Diagnosing herpes in CSF
HERPES simplex virus (HSV) belongs to the α-herpesviridae subfamily of herpesviruses.
There are two types of HSV: type 1 and type 2. HSV is an enveloped virus with an internal core (capsid) containing dsDNA. The genome of HSV-1 and HSV-2 share 50–70% homology.
Central nervous system (CNS) infections are serious complications of HSV disease, which can occur in children and adults. Immunocompromised patients and neonates experience severe symptoms with potential of disseminated infection and death.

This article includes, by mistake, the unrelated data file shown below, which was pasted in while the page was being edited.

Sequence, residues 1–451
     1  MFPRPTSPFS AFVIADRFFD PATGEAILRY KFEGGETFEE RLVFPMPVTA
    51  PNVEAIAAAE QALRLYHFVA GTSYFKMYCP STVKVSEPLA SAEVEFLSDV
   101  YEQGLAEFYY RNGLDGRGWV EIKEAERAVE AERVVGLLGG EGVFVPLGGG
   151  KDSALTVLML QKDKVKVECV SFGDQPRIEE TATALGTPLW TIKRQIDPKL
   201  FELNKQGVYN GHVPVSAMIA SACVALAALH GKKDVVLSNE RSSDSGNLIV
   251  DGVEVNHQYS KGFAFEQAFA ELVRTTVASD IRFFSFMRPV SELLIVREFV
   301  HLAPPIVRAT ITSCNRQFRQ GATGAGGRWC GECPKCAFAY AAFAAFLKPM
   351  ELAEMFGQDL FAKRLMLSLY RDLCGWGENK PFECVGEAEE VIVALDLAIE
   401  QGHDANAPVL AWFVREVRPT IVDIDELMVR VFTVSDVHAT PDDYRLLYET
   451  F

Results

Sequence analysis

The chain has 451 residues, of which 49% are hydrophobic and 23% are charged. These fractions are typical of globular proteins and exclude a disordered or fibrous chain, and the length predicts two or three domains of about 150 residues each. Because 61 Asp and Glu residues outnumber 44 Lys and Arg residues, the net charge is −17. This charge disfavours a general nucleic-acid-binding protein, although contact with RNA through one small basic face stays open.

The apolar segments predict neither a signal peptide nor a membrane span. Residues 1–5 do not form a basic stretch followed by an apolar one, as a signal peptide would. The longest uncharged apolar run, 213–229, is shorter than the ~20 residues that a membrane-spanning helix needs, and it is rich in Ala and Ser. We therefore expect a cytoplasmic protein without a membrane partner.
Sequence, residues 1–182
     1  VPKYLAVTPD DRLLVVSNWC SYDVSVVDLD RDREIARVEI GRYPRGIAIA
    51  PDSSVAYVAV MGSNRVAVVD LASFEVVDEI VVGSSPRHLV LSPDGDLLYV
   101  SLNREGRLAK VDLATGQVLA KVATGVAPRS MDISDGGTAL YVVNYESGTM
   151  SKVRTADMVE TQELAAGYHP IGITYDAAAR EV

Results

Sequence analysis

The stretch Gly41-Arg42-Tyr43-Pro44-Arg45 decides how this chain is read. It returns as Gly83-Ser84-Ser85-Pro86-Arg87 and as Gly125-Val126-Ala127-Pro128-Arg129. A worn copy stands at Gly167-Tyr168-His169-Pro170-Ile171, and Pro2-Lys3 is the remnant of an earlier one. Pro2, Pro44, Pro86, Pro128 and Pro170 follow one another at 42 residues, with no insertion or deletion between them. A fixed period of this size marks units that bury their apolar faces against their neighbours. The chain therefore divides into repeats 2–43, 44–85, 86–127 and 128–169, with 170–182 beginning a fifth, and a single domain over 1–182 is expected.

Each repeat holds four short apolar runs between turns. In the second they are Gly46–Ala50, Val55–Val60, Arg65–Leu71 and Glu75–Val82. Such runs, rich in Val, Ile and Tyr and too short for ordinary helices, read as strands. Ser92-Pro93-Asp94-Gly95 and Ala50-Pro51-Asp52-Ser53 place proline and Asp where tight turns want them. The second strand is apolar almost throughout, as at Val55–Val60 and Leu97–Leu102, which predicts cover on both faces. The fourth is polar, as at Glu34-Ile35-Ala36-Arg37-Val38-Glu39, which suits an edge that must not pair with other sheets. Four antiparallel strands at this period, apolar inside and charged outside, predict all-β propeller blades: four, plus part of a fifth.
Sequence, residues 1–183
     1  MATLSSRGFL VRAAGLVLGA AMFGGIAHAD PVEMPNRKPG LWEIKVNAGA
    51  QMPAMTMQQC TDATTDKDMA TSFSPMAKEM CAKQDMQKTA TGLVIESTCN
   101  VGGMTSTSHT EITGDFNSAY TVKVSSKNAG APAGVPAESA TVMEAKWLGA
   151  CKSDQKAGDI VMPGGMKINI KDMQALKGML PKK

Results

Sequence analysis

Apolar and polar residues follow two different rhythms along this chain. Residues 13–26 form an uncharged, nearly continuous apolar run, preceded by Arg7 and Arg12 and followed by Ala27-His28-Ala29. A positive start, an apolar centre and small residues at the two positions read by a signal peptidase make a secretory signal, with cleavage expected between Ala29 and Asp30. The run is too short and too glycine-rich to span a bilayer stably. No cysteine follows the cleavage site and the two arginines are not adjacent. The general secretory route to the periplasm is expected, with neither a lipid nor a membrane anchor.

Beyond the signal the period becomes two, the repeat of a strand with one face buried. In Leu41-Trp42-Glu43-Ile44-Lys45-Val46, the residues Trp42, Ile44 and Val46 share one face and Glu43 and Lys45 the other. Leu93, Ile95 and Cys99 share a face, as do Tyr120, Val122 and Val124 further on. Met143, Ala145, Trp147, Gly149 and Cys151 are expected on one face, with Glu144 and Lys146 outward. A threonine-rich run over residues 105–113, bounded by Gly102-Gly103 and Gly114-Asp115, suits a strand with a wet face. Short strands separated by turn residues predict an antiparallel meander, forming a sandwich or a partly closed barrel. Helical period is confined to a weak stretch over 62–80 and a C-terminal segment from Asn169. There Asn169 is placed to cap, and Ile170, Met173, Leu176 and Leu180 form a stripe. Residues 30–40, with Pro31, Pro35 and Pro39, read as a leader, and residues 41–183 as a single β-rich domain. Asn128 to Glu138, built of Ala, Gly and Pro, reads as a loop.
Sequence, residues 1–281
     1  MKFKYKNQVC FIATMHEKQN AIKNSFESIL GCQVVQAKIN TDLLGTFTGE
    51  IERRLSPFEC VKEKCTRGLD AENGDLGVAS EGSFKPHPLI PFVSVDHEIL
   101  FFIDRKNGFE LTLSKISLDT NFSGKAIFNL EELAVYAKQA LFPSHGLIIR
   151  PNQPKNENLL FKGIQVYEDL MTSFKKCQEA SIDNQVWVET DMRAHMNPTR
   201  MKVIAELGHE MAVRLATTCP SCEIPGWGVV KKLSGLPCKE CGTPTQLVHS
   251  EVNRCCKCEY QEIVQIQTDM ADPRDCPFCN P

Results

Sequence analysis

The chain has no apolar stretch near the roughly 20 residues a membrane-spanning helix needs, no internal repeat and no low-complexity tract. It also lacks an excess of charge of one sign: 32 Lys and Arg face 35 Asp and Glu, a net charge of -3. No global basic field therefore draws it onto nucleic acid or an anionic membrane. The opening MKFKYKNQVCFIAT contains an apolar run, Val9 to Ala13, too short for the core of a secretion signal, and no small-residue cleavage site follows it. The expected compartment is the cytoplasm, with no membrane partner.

The viral load of HSV in cerebral spinal fluid (CSF) is low compared to other clinical specimens. Culture for HSV is therefore difficult, as this technique is not very sensitive. HSV PCR is now recognised as the reference standard, given its high sensitivity and specificity. The determination of HSV DNA in CSF has been markedly enhanced with the availability of commercial kits for real-time PCR